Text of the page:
Pattern Based ApproachesTroullinoy et al. 2015Zhang et al. 2007Identifying subsets of data sets or ontologies that are considered to be more relevant.Aim at extracting knowledge patterns for a complete rapresentation of the dataset.Mihindukulasooriya et al. 2015Persutti et al. 2011M. Jarrar and M. Dikaiakos, 2012

Schema InductionInduces a schema from the data and aim at extracting stronger assertions.Vlker and Niepert, 2011

Statistics about the datasetKonrath et. al 2012Langegger and W. Wb, 2009Auer et al. 2012Linked Open Vocabularies (http://lov.okfn.org/)Aim at reporting statistics about the usage of different vocabularies, properties and types in the data.

ABSTAT

ABSTAT is complementary with other approaches and aims at providing knowledge patterns that rapresent the complete dataset. Along with the patterns ABSTAT also produces statistics about the occurrence of these patterns, types and properties. The approach more similar to ours is Loupe which also extracts patterns and report statistics, but differently ABSTAT represents only a set of the extracted patterns.

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ABSTAT ABSTAT (http://abstat.disco.unimib.it) is an ontology-driven linked data summarization framework A summary provides a complete but compact schema-level representation of a data set A set of Abstract Knowledge Patterns (AKPs) Statistics

An AKP represents the fact that there are instance of type Person linked with instances of type Settlement by the property birthplace

How many times does this pattern occur in the data set

How many times does a certain type occur as minimal type and how many time does the property occur in the dataset

ABSTAT accessible at abstat.disco.unimib.it is an ontology driven linked data summarization framework proposed to help users understand the dataset. A summary is aimed at providing a compact but complete representation of a data set. With complete representation we refer to the fact that every relation between concepts that is not in the summary can be inferred. The summary is composed of a set of Abstract Knowledge patterns, a subtype graph and statistics.

This is how a summary looks like: An Abstract knowledge pattern tells that there are instances of the type blabla connected with instances of type blibli by a property X.

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Abstract Knowledge Patterns (AKPs) ABSTAT adopts a minimalization mechanism based on minimal type patterns Minimalization is based on a subtype graph which represents the data ontology Abstract Knowledge Patterns (AKPs) are abstract representations of Knowledge Patterns An AKP is a triple (C; P; D ) such that C and D are types and P is a property In ABSTAT we represent only a set of AKP occurring in the data set, those that are minimal types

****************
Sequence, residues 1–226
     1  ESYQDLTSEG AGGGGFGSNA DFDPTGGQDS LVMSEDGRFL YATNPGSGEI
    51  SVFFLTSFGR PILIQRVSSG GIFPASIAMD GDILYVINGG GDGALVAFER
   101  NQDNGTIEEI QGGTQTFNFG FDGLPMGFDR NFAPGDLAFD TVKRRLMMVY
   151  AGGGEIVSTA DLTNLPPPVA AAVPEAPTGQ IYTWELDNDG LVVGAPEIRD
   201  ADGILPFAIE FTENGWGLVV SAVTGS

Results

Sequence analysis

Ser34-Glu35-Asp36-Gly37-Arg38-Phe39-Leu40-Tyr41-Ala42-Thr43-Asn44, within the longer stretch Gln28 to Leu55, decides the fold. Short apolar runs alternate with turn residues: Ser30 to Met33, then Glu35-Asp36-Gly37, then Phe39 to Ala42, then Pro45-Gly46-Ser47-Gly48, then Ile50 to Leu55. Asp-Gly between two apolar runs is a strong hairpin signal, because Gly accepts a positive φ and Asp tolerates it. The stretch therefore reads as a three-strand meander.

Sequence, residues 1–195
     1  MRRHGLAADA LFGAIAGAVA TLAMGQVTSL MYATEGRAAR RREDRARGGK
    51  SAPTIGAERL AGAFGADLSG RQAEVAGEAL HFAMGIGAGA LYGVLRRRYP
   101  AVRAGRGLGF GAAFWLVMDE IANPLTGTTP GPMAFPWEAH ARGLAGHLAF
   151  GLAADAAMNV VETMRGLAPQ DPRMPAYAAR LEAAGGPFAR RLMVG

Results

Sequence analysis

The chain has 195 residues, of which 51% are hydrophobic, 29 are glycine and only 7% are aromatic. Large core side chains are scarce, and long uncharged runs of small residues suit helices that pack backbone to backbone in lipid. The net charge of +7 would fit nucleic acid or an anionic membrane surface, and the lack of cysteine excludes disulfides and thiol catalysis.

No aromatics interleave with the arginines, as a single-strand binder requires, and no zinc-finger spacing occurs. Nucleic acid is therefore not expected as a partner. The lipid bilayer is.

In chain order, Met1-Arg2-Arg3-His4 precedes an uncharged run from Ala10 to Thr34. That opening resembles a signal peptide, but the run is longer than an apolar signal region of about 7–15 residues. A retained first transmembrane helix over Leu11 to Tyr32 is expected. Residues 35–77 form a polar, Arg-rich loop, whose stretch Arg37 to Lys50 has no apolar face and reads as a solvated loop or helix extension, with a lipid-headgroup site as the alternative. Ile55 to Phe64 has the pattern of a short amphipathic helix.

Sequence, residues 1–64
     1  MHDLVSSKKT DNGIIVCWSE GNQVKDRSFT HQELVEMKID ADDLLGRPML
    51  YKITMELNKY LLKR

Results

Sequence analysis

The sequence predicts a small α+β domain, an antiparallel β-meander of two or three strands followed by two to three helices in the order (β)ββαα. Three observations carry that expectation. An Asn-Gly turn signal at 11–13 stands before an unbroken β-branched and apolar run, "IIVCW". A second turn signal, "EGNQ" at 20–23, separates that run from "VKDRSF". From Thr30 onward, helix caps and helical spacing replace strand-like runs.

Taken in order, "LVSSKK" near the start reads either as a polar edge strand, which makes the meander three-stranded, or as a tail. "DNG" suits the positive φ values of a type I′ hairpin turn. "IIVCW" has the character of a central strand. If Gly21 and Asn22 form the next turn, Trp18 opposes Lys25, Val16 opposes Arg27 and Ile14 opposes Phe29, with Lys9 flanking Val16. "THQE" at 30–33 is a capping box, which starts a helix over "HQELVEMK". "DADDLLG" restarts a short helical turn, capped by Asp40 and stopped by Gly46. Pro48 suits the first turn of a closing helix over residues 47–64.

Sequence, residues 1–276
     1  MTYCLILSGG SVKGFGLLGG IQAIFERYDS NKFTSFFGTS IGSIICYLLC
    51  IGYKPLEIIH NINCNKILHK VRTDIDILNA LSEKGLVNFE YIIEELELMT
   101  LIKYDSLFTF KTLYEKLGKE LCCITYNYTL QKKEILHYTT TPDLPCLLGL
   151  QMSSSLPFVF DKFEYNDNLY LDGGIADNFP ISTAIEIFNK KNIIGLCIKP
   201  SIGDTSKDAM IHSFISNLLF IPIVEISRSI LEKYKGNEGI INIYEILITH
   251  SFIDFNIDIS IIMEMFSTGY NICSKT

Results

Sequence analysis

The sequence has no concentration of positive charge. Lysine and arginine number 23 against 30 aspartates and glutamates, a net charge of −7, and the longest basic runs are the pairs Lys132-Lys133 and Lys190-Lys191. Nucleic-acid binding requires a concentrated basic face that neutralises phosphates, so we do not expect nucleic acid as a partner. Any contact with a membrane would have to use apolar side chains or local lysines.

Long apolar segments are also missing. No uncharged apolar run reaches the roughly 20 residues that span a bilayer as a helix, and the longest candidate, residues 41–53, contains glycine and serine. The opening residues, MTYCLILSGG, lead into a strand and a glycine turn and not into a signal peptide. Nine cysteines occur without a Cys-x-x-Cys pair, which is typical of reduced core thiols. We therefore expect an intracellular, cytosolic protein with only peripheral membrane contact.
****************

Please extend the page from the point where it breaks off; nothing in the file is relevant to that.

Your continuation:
What kind of patterns do we represent in the summary?One distinguishing feature of ABSTAT is that it adopts a minimalization mechanism based on minimal type patterns. Minimalization is based on a subtype graph introduced to represent the data ontology. The informative unit of ABSTAT is an AKP, Abstract Knowledge Patterns (AKPs) are abstract representations of Knowledge Patterns.A minimal type pattern is a triple (C; P;D ) that represents the occurrences of assertions in RDF data, such that C is a minimal type of the subject a and D is a minimal type of the object b. So an AKP states that there are instances of type C that arelinked to instances of a type D by a property P . In ABSTAT only a set of AKPs are represented in the summary. We represent only those patterns which are minimal type. Instead of representing every AKP occurring in the data set, ABSTATsummaries include only a base of minimal type patterns, i.e., a subset of the patterns such that every other pattern can be derived using a subtype graph

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PersonSportistFootballPlayerLawyerJim BrownAmalClooney1936-02-17XMLSchema#Date

hasWifeArtistGeorge ClooneybirthDate= types= instances= literals

.subclassOfsubclassOfsubclassOfsubclassOftypetypetypeThe (minimal-type) patterns extracted by ABSTAT are:

(type)An example how AKPs are extractedtypetypetype

In the case when the instance of Jim Brown has two types: one type FootballPlayer and one is type Person. Then from the subtype graph we know that FootballPlayer is a subtype of Person, and between these two FootballPlayer is the minimal type then in the summary of ABSTAT we only include the AKP FootballPlayer, birthdate, XMLSchema#Date.

PersonSportistFootballPlayerLawyerJim BrownAmalClooney1936-02-17XMLSchema#Date

hasWifeArtistGeorge ClooneybirthDate= types= instances= literals

.subclassOfsubclassOfsubclassOfsubclassOftypetypetypeThe (minimal-type) patterns extracted by ABSTAT are: